The information gathered for these posts only begins to scratch the surface of what can be gleaned from the runaway advertisements of these enslaved women. In addition to information about clothing, jewelry and hair, there is information about the languages these women spoke, the skills and trades they had, their religion, what musical instruments they played. There is even Tab, a woman who ran with only the clothes on her back and her little, white dog named, Fan. While using these ads as a reference, it is always important to remember that these women were in pursuit of freedom, liberty and the opportunity to live their own lives on their own terms as best they could. It is because so many women took that chance that we have these amazing resources that highlight their ability, their knowledge and their humanity. To learn more about how to approach runaway ads, see this blog post.
Hope Wright has been an employee at Colonial Williamsburg for over 30 years. She is currently an Actor-Interpreter. She loves to uncover stories about the lives and history of Black people. Hope loves to read and spend time with friends and family.
Alexandria Advertiser and Commercial Intelligencer, Alexandria, Virginia, July 28, 1803.
Boston Evening Post, Boston, Massachusetts, August 2, 1773.
The Centinel of Freedom, Newark, New Jersey, May 5, 1802.
Columbian Centinel, Boston, Massachusetts, October 29, 1803.
The Herald and Norfolk and Portsmouth Advertiser, Norfolk, Virginia, September 27, 1794.
Herald of the United States, Warren, Rhode Island, August 17, 1799.
Independent Journal, New York, New York, October 15, 1785.
Maryland Gazette, Annapolis, Maryland, October 4, 1770.
Maryland Journal and Baltimore Advertiser, Baltimore, Maryland, April 12, 1775.
Maryland Journal and Baltimore Advertiser, Baltimore, Maryland, October 5, 1779.
Maryland Journal and Baltimore Advertiser, Baltimore, Maryland, November 16. 1779.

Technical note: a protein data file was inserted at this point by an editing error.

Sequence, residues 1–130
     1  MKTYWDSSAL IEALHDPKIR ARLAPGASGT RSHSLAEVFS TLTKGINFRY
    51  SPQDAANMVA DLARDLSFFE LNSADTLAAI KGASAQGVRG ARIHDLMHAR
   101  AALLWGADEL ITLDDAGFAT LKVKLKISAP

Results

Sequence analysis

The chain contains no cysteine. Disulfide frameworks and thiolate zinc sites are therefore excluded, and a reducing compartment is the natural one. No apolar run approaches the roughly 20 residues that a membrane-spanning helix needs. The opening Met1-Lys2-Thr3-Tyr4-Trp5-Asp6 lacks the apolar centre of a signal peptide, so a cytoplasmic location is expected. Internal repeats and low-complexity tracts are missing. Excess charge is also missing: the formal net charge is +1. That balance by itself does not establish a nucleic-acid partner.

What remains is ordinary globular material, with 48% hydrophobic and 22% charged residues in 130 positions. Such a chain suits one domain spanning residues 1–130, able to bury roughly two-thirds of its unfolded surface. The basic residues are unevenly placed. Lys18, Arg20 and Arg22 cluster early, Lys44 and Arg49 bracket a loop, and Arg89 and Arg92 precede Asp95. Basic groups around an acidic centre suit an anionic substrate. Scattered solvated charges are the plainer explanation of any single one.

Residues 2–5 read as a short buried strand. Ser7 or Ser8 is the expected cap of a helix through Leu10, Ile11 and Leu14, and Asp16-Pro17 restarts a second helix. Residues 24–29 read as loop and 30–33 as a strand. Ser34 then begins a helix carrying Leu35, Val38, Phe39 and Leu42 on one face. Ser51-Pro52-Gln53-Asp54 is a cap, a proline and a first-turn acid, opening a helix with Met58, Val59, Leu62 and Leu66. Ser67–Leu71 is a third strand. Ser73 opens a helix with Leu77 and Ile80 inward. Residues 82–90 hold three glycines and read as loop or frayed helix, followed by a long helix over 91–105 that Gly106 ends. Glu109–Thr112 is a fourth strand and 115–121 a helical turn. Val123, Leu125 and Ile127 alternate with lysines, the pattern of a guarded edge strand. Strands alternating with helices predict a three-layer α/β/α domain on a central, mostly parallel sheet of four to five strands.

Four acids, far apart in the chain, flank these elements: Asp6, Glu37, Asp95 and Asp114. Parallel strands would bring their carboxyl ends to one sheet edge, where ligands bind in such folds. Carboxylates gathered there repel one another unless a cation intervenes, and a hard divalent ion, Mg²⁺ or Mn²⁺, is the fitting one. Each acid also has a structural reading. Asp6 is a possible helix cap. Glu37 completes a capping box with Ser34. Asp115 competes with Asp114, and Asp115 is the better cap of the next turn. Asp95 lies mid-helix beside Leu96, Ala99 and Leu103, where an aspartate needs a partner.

Maryland Journal and Baltimore Advertiser, Baltimore, Maryland, December 17, 1782.
The New York Post Gazette: or, The Weekly Post-Boy, New York, New York, July 28, 1763.
Norfolk Herald, Norfolk, Virginia, October 25, 1798.
Norfolk Herald, Norfolk, Virginia, May 8, 1800.
North Carolina Journal, Halifax, North Carolina, October 6, 1792.
The Norwich Packet, Norwich, Connecticut, August 3, 1778.
Raleigh Register and North Carolina State Gazette, Raleigh, North Carolina, July 9, 1804.
The Royal Gazette, New York, New York, October 22, 1783.
South Carolina Gazette, Charleston, South Carolina, October 13, 1757.
Stewart’s Kentucky Herald, Lexington, Kentucky, October 25, 1796.
Virginia Gazette, Williamsburg, Virginia, October 27, 1752.
Virginia Gazette, Williamsburg, Virginia, January 29, 1767.
Virginia Gazette, Williamsburg, Virginia, March 26, 1767.
Virginia Gazette, Williamsburg, Virginia, June 7, 1770.
Virginia Gazette, Williamsburg, Virginia, May 12, 1774.
Virginia Gazette, Williamsburg, Virginia, March 11, 1775.
Virginia Gazette, Williamsburg, Virginia, June 15, 1775.
Virginia Gazette or American Advertiser, Richmond, Virginia, October 30, 1784.
Virginia Gazette or American Advertiser, Richmond, Virginia, December 17, 1785.
Virginia Gazette or American Advertiser, Richmond, Virginia, April 19, 1786.
Virginia Gazette or American Advertiser, Richmond, Virginia, May 17, 1786.
Virginia Gazette and General Advertiser, Richmond, Virginia, January 26, 1791.
Virginia Gazette and General Advertiser, Richmond, Virginia, June 4, 1799.
Virginia Herald and Fredericksburg Advertiser, Fredericksburg, Virginia, January 15, 1795.
Washington Federalist, Georgetown, District of Columbia, May 5, 1802.
Washington Federalist, Georgetown, District of Columbia, April 29, 1803.